I realize that this is all easier said than done, but I hope that this encourages you to try just taking one step. Broaden that horizon just a little and see how it shapes you. I’d love to hear about some of the ways you have stepped out of your comfort zone and how it shaped you as a person. Let me know in the comments!
I will be taking a short hiatus while I travel, but I will be back in two weeks to tell you all about the adventure. Thanks for all of your support!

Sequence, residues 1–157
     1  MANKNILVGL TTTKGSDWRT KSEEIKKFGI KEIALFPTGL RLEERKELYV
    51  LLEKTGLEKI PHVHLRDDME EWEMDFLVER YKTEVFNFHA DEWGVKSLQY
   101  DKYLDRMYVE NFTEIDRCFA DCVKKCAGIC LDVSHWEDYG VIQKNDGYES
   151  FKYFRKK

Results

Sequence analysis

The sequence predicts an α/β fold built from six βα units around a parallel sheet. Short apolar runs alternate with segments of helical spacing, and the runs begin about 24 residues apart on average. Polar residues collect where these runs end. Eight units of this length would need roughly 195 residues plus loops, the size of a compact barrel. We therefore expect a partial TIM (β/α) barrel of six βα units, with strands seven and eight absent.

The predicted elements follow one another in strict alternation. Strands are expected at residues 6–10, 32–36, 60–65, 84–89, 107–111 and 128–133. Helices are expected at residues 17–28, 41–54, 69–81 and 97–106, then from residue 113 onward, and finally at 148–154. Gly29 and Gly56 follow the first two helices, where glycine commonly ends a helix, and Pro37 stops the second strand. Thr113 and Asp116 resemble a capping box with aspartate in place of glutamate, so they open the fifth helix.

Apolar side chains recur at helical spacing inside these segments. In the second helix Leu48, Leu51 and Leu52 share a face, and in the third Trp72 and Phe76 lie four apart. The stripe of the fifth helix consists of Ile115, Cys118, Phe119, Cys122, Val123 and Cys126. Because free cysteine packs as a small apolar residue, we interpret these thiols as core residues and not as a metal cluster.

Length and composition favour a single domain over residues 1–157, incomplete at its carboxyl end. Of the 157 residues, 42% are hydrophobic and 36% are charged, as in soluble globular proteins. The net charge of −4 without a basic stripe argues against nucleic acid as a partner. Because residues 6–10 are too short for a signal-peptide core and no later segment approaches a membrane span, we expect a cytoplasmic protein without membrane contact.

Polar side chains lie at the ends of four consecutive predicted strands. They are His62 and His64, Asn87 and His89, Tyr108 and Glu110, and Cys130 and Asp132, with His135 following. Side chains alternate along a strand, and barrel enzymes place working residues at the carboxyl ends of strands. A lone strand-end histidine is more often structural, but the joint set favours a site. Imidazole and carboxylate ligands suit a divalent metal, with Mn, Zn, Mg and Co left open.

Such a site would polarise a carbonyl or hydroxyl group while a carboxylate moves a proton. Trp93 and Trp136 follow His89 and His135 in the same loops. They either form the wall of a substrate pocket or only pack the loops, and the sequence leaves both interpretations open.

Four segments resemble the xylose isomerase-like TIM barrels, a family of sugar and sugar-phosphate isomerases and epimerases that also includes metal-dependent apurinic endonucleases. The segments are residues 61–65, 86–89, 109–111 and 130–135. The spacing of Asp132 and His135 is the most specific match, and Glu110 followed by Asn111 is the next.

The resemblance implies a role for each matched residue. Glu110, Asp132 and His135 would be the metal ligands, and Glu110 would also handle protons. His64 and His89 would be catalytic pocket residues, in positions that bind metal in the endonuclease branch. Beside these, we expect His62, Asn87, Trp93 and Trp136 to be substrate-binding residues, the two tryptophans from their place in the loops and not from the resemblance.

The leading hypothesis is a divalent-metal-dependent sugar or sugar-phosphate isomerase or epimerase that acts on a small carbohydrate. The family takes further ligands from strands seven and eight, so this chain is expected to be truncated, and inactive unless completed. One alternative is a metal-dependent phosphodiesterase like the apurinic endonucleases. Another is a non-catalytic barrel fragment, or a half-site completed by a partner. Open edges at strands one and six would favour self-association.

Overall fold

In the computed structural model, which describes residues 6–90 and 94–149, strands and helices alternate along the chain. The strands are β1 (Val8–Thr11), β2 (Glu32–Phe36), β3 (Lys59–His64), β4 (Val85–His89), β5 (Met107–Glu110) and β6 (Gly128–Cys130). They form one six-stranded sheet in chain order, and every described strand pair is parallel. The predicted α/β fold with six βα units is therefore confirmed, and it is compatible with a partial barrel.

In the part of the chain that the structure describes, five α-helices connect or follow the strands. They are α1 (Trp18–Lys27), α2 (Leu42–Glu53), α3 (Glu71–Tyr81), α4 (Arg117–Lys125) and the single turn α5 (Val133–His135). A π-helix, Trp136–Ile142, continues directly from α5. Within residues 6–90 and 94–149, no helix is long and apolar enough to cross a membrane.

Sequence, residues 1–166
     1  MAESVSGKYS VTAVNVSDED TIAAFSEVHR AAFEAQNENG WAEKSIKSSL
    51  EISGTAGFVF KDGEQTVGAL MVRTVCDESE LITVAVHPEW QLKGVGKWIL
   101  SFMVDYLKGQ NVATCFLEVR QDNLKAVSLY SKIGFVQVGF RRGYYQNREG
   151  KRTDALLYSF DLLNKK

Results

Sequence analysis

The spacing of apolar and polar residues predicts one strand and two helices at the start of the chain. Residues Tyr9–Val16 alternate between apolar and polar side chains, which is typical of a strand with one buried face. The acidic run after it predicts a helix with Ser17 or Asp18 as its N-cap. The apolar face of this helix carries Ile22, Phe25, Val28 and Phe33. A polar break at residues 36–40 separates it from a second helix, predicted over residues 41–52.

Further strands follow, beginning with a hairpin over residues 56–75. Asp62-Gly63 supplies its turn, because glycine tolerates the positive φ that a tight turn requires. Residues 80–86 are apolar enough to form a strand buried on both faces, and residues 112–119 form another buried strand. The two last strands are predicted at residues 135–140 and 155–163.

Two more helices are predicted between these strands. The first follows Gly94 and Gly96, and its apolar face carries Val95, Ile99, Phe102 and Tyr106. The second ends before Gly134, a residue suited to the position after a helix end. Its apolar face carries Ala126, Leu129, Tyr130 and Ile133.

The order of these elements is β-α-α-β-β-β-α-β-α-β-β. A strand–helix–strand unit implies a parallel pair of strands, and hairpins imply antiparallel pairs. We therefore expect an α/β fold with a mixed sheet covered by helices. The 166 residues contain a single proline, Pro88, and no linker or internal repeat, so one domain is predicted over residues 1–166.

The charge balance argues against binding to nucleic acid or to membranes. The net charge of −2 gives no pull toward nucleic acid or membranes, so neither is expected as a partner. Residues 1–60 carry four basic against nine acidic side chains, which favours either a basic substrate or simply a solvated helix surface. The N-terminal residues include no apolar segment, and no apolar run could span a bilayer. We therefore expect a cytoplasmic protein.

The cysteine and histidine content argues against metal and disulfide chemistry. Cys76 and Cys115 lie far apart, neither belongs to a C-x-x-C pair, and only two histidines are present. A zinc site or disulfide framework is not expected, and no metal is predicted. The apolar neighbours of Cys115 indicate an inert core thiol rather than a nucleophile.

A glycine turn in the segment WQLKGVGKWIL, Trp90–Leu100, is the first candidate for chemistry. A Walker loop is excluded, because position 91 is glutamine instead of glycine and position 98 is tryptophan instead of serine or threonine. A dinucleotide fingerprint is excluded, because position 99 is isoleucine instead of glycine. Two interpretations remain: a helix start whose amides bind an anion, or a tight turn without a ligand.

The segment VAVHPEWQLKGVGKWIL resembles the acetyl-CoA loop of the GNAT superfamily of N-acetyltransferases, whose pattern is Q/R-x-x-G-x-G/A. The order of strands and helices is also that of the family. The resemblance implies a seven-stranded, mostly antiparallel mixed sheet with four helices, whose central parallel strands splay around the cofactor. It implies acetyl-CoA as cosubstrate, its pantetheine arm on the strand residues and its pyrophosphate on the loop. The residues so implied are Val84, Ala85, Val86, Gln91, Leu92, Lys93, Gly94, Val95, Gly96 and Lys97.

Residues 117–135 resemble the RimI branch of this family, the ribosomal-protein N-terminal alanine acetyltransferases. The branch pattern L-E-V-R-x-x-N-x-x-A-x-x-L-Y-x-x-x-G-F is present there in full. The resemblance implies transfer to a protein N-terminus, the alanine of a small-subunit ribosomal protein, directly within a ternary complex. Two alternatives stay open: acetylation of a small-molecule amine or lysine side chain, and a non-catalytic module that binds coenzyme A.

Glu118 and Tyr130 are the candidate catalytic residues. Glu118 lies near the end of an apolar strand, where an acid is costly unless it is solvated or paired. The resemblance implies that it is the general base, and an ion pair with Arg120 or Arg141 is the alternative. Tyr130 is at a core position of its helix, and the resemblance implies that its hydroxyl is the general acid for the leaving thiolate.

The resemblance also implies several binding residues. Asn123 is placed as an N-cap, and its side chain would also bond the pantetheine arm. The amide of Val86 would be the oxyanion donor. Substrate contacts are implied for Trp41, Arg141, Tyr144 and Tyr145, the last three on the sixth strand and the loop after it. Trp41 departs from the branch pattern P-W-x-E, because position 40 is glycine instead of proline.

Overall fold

That question comes up a lot in life. We don’t always understand why things in our lives are happening, especially if it is something difficult or unfair. It is the question that I struggle with the most because I rarely get an answer.
Why do I have anxiety? Why won’t it go away? Why is there pain and disease in the world? Why is there suffering? Why do people die so young? Why doesn’t having faith heal people? Why can’t I just go to sleep without my thoughts taking over and not letting me rest? Why are there bad things happening when God is good? All of these “whys” have been spoken in my head or in prayer before. A lot of them have been asked multiple times with no clear answer.